As enormous as that figure may seem, it could be an underestimate. A report released this week from the Institute for Local Self-Reliance says that nearly $1 out of every $2 spent online is funneled through Amazon—with purchases made directly through Amazon, or via the site’s many third-party vendors in the Amazon Marketplace. Via

Here’s what we now know about Amazon’s secretive drone delivery program Bezos shared a video Wednesday of a successful fulfilment of an Amazon order delivered via drone in the U.K.

It’s clear Amazon fully intends to move forward with drone delivery and will likely continue to collaborate with Trump’s FAA to craft new U.S. drone rules.

The new video revealed a few things we didn’t yet know about Amazon’s drone program, like a highly roboticized drone fulfillment center, as well as more details about the initial customer trials with Amazon Prime Air, Amazon’s drone delivery arm. Via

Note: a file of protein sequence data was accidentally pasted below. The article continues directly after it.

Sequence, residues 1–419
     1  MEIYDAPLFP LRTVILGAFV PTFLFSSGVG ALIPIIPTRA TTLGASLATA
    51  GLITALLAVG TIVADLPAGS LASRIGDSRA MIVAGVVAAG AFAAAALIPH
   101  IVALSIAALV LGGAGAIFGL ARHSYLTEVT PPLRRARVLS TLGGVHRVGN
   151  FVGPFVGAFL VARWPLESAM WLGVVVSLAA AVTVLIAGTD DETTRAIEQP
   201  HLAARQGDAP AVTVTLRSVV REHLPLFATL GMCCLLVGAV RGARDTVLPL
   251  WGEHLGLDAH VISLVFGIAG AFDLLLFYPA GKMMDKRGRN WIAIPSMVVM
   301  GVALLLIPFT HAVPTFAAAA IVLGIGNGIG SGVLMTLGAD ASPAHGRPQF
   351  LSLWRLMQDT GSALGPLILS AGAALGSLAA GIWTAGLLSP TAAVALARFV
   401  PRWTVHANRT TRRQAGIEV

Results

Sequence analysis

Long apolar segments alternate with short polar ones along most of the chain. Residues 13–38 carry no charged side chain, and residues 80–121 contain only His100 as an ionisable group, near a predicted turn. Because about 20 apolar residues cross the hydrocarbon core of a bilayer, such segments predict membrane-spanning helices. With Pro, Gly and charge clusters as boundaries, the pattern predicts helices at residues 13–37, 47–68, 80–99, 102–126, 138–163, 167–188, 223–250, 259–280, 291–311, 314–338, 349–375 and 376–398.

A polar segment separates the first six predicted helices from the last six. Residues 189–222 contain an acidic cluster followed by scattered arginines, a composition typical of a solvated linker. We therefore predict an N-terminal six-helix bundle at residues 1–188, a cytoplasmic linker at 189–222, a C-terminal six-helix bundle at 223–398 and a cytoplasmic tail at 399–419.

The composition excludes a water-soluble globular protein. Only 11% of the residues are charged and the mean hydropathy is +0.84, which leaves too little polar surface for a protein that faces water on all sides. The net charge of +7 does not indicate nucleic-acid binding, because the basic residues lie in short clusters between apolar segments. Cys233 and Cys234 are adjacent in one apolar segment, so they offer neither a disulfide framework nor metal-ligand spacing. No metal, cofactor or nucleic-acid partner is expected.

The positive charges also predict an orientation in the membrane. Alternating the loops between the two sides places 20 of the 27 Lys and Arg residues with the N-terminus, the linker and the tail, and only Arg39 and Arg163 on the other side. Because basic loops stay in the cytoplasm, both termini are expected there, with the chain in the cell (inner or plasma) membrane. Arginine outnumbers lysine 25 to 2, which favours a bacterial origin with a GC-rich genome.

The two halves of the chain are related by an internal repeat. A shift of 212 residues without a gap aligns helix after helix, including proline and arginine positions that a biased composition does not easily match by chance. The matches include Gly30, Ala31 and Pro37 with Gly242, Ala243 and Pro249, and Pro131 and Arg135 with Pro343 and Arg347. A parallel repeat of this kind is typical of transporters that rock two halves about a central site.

Amazon Expands Reach of Global Video Streaming Inc. is broadening the reach of its video-streaming services around the world as it looks to go head-to-head with streaming juggernaut Netflix Inc.

The e-commerce giant said Wednesday it had expanded its Amazon Prime Video service to more than 200 countries and territories, confirming a Wall Street Journal report from November.

Previously, Amazon Prime Video was only available in the U.S., U.K., Germany, Austria and Japan. Like Netflix, Amazon’s video service won’t be in China, a country whose regulatory environment has proven tough for foreign streaming services. Via